# Conditional Probability

• Dec 20th 2008, 04:46 PM
Aryth
Conditional Probability
Suppose there is a medical diagnostic test for a disease. The sensitivity of the test is .95. This means that if a person has the disease, the probability that the test gives a positive response is .95. The specificity of the test is .90. This means that if a person does not have the disease, the probability that the test gives a negative response is .90, or that the false positive rate of the test is .10. In the population, 1% of the people have the disease. What is the probability that a person tested has the disease, given the results of the test is positive? Let D e the event "the person has the disease" and let T be the event "the test gives a positive result."

All I really need to know is how to find $P(D)$. The rest I can handle on my own.

Thanks.

I need to find $P(D|T) = \frac{P(T|D)P(D)}{P(T|D)P(D) + P(T|D')P(D')}$

$P(D|T) = \frac{(0.95)(0.01)}{(0.95)(0.01) + (0.10)(0.99)}$

$P(D|T) = \frac{0.0095}{0.0095 + 0.099}$

$P(D|T) = \frac{0.0095}{0.1085}$

$P(D|T) = 0.0875$

Is that right?
• Dec 20th 2008, 07:03 PM
tester85
I attempted the question and used bayes theorem and got the same answer as what you got.
• Dec 20th 2008, 07:16 PM
mr fantastic
Quote:

Originally Posted by Aryth
Suppose there is a medical diagnostic test for a disease. The sensitivity of the test is .95. This means that if a person has the disease, the probability that the test gives a positive response is .95. The specificity of the test is .90. This means that if a person does not have the disease, the probability that the test gives a negative response is .90, or that the false positive rate of the test is .10. In the population, 1% of the people have the disease. What is the probability that a person tested has the disease, given the results of the test is positive? Let D e the event "the person has the disease" and let T be the event "the test gives a positive result."

All I really need to know is how to find $P(D)$. The rest I can handle on my own.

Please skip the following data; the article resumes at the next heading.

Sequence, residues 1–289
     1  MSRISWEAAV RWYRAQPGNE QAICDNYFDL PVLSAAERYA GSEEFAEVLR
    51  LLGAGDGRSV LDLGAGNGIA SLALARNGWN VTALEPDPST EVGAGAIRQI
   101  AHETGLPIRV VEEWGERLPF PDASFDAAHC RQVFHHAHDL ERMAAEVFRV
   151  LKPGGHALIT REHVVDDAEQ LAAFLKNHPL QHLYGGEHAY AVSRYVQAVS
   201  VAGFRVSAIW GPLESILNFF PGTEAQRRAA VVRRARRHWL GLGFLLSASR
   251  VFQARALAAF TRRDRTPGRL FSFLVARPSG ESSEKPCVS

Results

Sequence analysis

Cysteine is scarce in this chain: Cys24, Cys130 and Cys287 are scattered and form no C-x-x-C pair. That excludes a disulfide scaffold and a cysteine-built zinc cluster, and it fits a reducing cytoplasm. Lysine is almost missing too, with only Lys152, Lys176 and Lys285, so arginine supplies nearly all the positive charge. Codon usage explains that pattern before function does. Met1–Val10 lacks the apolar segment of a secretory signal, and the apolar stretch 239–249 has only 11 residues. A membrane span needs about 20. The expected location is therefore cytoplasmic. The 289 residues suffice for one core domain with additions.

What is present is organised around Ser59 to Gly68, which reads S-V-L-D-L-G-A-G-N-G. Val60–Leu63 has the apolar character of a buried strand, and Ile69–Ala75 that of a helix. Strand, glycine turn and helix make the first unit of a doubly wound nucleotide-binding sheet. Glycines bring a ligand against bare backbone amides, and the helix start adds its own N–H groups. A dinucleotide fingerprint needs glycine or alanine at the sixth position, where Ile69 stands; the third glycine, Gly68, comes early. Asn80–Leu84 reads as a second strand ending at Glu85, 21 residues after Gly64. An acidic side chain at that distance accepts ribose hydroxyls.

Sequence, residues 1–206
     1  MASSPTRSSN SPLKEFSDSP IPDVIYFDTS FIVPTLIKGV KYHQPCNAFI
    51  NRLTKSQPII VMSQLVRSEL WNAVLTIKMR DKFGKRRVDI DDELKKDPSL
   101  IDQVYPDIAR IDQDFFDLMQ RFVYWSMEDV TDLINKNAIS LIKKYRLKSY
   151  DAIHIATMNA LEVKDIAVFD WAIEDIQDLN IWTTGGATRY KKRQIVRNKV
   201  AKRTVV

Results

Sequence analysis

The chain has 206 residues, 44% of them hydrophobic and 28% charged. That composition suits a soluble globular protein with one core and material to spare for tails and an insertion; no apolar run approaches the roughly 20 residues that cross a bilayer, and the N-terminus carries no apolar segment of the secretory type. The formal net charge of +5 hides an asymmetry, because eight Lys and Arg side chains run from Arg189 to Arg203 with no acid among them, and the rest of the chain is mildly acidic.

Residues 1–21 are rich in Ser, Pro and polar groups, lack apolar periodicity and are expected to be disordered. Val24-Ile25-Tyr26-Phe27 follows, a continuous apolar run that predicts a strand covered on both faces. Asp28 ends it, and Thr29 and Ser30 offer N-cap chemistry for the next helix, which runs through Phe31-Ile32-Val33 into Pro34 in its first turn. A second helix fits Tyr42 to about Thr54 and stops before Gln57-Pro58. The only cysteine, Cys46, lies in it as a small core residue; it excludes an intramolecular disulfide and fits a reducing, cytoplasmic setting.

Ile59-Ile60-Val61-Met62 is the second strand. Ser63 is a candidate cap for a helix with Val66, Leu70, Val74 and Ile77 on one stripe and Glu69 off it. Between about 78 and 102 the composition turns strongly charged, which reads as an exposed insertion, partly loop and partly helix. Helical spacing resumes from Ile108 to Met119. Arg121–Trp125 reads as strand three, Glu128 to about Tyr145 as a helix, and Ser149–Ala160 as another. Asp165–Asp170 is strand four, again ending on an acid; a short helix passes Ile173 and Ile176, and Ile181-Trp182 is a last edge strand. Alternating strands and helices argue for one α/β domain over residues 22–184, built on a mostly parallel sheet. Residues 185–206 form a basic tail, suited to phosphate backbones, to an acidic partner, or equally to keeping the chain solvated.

Thanks.

I need to find $P(D|T) = \frac{P(T|D)P(D)}{P(T|D)P(D) + P(T|D')P(D')}$

$P(D|T) = \frac{(0.95)(0.01)}{(0.95)(0.01) + (0.10)(0.99)}$

$P(D|T) = \frac{0.0095}{0.0095 + 0.099}$

$P(D|T) = \frac{0.0095}{0.1085}$

$P(D|T) = 0.0875$

Is that right?

Yes. Well done.
• Dec 20th 2008, 07:21 PM
Aryth
Quote:

Originally Posted by mr fantastic
Yes. Well done.

The reason why I posted this was because I multiplied 0.10 and 0.99 wrong and couldn't arrive at the correct answer. But I do have one more question, the answer in my book provides this:

$P(D|T) = \frac{P(D \cap T)}{P(T)} = 0.0875$

But, what is P(T) without knowing whether or not the person has the disease? Or are you supposed to assume that they have the disease? I tried both scenarios and couldn't arrive at that solution.
• Dec 20th 2008, 07:27 PM
mr fantastic
Quote:

Originally Posted by Aryth
The reason why I posted this was because I multiplied 0.10 and 0.99 wrong and couldn't arrive at the correct answer. But I do have one more question, the answer in my book provides this:

$P(D|T) = \frac{P(D \cap T)}{P(T)} = 0.0875$

But, what is P(T) without knowing whether or not the person has the disease? Or are you supposed to assume that they have the disease? I tried both scenarios and couldn't arrive at that solution.

$P(D|T) = \frac{P(T|D)P(D)}{P(T|D)P(D) + P(T|D')P(D')}$ and $P(D|T) = \frac{P(D \cap T)}{P(T)}$ are identical statements.

Pr(T) is just the total probability of testing positive and is given by $P(T|D)P(D) + P(T|D')P(D')$. Think about it ...
• Dec 20th 2008, 07:31 PM
Aryth
I understand that the two are identical, and I understand the law of total probability.

But the way that the answer is formed in the book makes the solution look immediately obvious from the conditional probability statement alone. Is that the case?
• Dec 20th 2008, 11:50 PM
mr fantastic
Quote:

Originally Posted by Aryth
I understand that the two are identical, and I understand the law of total probability.

But the way that the answer is formed in the book makes the solution look immediately obvious from the conditional probability statement alone. Is that the case?

Maybe for some ..... But not for me.
• Dec 21st 2008, 07:37 PM
Aryth
Thanks for the help. Its much appreciated.